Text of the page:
The Punjabi language
Punjabi is an Indo-Aryan language with a rich history and wide global reach.
Spoken by communities throughout India, Afghanistan, Canada, the United Arab Emirates and the UK, Punjabi has approximately 90 million speakers worldwide.
With different areas of the Punjab region containing populations that use a wide range of different Punjabi dialects, it’s important to use a Punjabi translation specialist who has used Punjabi since birth and has an in-depth understanding of the language. An Indo-Aryan language, Punjabi actually means ‘five waters’. This refers to the Indus River’s five major eastern tributaries. One of the official languages of India, Punjabi sits comfortably within the top ten most spoken languages in the world, making it an important language for international businesses. Interestingly, Punjabi is the most spoken language in Pakistan but does not have an official status there.
Origins and History:
- Punjabi originates from the ancient language of Sanskrit, much like Hindi. It evolved from the Shauraseni Prakrit, an old Indo-Aryan language.
- The influence of Persian, Arabic, and Turkic languages led to the creation of Punjabi as we know it, primarily due to Muslim rule from the 13th to 18th centuries.
- Modern Punjabi has two scripts: Gurmukhi, used primarily in India, and Shahmukhi, used in Pakistan.
Number of Speakers:
- Punjabi is the first language of around 125 million people worldwide.
- It is one of the most spoken languages in the world, and the 10th most widely spoken language in India.
Official Language Status:
- Punjabi is the official language in the Indian states of Punjab, Haryana, and Delhi.
- It’s also the provincial language of Punjab in Pakistan.
- Punjabi is used extensively in the Indian state of Punjab and parts of Haryana, Himachal Pradesh, and Delhi. It’s also widely spoken in the Punjab province of Pakistan.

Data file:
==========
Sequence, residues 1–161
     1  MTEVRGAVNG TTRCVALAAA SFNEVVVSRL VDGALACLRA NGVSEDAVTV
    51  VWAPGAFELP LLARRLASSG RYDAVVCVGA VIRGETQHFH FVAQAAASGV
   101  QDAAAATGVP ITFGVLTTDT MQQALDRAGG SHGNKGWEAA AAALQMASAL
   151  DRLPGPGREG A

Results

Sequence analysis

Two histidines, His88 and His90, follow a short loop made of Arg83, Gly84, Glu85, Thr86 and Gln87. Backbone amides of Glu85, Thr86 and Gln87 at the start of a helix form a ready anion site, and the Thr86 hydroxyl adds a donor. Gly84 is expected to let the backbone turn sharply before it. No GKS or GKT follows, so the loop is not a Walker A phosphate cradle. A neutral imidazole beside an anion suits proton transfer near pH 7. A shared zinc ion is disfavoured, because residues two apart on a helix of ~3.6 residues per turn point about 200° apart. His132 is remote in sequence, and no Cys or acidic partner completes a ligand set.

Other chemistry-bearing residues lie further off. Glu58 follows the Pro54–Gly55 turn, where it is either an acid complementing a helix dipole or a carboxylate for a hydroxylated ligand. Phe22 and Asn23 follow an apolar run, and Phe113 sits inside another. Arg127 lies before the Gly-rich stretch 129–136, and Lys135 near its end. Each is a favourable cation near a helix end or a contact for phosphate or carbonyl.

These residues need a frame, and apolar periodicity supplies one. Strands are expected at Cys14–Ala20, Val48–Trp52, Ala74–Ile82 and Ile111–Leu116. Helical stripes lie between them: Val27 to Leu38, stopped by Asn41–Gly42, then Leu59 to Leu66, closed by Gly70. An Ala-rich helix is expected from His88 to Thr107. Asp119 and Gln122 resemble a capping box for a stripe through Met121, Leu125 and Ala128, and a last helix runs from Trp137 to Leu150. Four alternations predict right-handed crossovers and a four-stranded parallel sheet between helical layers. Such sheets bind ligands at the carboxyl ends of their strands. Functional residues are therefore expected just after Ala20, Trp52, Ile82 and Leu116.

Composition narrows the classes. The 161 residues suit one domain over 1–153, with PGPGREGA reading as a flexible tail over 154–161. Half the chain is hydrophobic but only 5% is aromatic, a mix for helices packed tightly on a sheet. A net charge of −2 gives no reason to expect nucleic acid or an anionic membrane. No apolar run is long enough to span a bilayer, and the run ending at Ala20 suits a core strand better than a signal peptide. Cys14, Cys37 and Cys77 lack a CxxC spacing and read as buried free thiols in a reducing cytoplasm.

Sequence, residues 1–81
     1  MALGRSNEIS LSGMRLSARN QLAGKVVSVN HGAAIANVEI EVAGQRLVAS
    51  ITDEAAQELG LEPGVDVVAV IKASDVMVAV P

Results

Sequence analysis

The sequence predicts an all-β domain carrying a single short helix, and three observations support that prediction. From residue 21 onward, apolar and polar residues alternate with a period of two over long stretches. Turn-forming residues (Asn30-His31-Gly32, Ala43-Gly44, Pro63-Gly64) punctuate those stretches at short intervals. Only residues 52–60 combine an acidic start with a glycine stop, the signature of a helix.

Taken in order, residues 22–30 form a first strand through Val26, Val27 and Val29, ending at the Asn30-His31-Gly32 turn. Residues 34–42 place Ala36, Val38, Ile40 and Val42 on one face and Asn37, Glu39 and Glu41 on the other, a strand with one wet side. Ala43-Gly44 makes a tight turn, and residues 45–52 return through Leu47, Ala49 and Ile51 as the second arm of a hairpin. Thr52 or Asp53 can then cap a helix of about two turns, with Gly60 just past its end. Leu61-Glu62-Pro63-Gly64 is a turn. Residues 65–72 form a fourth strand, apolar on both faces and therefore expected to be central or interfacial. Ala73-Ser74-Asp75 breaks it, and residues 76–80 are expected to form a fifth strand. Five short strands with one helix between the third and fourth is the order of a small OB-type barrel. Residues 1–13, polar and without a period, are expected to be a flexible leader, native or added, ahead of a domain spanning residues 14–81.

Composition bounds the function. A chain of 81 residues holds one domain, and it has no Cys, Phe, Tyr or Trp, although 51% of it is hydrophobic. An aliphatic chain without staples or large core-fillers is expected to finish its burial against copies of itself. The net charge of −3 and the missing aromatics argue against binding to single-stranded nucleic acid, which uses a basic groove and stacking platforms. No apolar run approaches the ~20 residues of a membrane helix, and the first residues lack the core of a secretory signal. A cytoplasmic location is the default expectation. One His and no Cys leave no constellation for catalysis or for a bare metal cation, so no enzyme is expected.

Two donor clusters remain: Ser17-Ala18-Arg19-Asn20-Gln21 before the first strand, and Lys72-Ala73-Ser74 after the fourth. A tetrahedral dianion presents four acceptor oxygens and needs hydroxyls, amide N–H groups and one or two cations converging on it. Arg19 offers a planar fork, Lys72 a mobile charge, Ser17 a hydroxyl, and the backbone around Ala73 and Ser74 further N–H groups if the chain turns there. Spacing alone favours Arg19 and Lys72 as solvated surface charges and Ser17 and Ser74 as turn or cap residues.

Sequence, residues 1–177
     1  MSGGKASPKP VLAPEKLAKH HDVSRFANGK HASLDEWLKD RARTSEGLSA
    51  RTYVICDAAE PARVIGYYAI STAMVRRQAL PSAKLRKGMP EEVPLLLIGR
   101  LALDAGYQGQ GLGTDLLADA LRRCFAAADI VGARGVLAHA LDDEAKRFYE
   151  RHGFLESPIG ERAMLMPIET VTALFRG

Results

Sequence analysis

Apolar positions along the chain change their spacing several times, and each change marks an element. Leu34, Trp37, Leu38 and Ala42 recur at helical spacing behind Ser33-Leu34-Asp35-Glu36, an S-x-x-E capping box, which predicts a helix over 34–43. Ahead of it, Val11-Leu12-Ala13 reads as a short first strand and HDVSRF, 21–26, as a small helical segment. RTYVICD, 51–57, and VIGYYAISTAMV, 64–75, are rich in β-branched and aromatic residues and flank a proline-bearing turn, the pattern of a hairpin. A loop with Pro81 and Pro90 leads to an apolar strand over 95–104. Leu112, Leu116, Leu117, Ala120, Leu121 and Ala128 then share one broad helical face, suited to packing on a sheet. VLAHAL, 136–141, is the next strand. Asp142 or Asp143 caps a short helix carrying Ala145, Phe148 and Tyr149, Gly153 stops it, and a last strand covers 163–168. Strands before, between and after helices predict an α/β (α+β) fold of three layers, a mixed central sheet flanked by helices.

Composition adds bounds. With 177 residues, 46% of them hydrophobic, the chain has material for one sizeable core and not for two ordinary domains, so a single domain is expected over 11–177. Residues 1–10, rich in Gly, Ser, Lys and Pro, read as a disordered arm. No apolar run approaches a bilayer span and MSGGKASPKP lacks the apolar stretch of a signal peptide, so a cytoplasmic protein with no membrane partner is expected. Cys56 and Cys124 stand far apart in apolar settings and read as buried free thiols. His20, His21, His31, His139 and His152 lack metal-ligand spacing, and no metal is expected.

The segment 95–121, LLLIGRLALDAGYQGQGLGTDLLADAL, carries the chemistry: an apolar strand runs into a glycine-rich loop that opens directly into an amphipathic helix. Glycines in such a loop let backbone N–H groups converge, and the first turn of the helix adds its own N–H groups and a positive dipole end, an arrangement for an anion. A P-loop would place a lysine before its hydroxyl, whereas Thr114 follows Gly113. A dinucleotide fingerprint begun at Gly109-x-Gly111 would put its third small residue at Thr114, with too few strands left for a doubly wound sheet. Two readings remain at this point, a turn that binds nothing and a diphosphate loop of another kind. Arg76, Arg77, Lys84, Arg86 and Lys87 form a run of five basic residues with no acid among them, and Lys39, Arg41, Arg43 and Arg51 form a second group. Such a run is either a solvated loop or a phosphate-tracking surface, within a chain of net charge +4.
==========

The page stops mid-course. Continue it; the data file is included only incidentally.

- It is used in schools, government communications, media (TV, radio, cinema), and literature. Globally, Punjabi is taught in educational institutions and used in cultural exchanges.
Punjabi Words in English and English Words in Punjabi:
- Several Punjabi words have been incorporated into English, like ‘bhangra’ (a type of dance), ‘ghee’ (clarified butter), ‘papadum’ (a type of flatbread), and ‘panchayat’ (village council).
- English words, particularly in the fields of technology, science, and pop culture, are commonly used in Punjabi, such as ‘ਟੈਲੀਵਿਜ਼ਨ’ (television), ‘ਰੇਡੀਓ’ (radio), ‘ਬੱਸ’ (bus), ‘ਟ੍ਰੈਨ’ (train), and ‘ਕੰਪਿਊਟਰ’ (computer)
Punjabi is not only a critical part of Indian and Pakistani culture, but its influence also reaches beyond South Asia. Understanding Punjabi offers a window into a vibrant culture and an interconnected linguistic history.
Advantages of Translating Content into Punjabi for Market Penetration in India:
- Greater Reach: With over 125 million Punjabi speakers globally, translating your content into Punjabi can greatly increase your potential customer base.
- Growing Wealth: India is witnessing rapid economic growth. Translating content into Punjabi means tapping into a market with increasing disposable income and consumer spending.
- Cultural Respect: Using Punjabi shows respect for the local culture. This builds trust with your audience, as people tend to engage more with content in their mother tongue.
- Competitive Advantage: Despite the spread of English in India, a large population still prefers Punjabi. Businesses offering Punjabi content gain an edge over competitors targeting only English-speaking audiences.